Stevie Wonder “Talking Book” (1972)

   You may recall that earlier in 1972, we discussed “Music of My Mind” by Stevie Wonder.  Later in the same year, he released “Talking Book”, which I would assume most people, myself included, consider this album to be a significant step forward in the caliber of his rapidly expanding solo, “adult” music journey.  Once again fully under his complete artistic control, both in songwriting and musical performance, this highly successful record is rated #59 on Rolling Stone’s Top 500 Greatest Albums of All Time, and is #10 on the Top 10 Greatest Soul albums of All Time.  For those of you paying attention, that is our 3rd consecutive Top 10 album within a genre, over three different genres, from funk to folk to soul!

     The album opens with the mellow Stevie classic, “You Are the Sunshine of My Life”, and like much of the album, most of the instrumentation is Stevie’s keyboards.  The clavinet is particularly prominent on this record, more so later in the track listing.  We then begin to blur the lines of soul, funk and R&B on “Maybe Your Baby”, and not surprisingly, here comes the clavinet.  This is a great song, one of the best on the album.  “Tuesday Heartbreak” is another funkier song on side one I really like, and “You’ve Got It Bad Girl” is more of what we have come to expect with the classic Stevie sound.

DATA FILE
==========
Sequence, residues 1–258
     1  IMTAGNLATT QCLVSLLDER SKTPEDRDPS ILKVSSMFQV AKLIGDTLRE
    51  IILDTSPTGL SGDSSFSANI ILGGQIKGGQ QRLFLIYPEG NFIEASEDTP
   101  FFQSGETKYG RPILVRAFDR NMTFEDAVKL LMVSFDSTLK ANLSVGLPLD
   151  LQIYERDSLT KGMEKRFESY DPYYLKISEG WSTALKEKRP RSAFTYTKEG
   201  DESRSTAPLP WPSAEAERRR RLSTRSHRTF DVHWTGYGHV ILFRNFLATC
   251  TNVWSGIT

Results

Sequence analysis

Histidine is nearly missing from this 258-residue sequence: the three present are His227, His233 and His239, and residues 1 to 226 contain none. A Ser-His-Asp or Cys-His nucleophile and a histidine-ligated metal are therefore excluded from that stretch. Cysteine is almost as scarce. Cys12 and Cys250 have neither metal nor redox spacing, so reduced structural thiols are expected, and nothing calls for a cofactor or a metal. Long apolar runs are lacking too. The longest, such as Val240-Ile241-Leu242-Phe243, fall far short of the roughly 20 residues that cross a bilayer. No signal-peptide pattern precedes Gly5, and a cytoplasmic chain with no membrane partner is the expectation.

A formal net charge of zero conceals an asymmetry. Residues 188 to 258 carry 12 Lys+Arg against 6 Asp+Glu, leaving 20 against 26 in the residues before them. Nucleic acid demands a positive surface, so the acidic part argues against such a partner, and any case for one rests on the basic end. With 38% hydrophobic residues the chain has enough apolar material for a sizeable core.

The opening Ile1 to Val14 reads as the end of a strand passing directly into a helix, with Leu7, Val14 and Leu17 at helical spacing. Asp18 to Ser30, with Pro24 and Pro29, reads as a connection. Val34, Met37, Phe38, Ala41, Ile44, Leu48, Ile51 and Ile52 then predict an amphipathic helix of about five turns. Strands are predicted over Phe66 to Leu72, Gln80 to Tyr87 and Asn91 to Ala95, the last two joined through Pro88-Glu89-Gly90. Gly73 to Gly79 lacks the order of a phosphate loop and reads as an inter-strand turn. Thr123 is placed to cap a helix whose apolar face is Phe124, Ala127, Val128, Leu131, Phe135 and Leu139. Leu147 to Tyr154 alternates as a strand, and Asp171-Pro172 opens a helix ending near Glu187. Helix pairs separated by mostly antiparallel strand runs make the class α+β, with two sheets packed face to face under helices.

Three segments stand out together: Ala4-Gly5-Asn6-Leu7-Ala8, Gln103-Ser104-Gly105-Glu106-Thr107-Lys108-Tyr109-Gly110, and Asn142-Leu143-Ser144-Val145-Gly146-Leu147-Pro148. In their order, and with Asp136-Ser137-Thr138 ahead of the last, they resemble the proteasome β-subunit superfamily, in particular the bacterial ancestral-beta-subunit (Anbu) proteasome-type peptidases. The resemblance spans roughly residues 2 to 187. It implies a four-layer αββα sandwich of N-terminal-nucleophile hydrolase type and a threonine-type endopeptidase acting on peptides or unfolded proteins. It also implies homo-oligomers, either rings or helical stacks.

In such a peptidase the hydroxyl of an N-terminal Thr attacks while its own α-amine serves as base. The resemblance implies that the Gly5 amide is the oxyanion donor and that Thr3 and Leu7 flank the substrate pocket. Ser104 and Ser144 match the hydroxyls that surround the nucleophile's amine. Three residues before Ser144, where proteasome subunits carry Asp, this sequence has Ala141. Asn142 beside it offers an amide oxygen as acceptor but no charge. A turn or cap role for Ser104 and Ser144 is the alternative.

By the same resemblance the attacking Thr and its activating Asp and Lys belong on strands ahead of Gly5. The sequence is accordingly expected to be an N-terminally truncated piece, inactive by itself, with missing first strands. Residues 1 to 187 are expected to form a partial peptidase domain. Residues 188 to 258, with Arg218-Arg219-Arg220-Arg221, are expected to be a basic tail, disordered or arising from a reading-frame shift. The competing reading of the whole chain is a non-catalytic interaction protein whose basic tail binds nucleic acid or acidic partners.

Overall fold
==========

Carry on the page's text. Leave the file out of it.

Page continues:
Side two is another clavinet classic, and perhaps the most iconic Stevie Wonder song of them all, “Superstition”.  From the opening drums, this song is instant magic.  Covered by many, imitated by many more, including even my beloved Led Zeppelin on “Trampled Underfoot”, but nobody comes close to matching the groove Stevie lays down on this song.   The rest of side is more on the slow side, with an interesting revisit to the opening chords of “You Are The Sunshine Of My Life” at the beginning of “Lookin’ For Another Pure Love”.

     I wasn’t a big fan of “Music of My Mind”, but “Talking Book” is one of the peak moments for Stevie Wonder in his incredibly accomplished career, and if you have never given it a listen, you probably should.

Published by tacopepper

A music fan...

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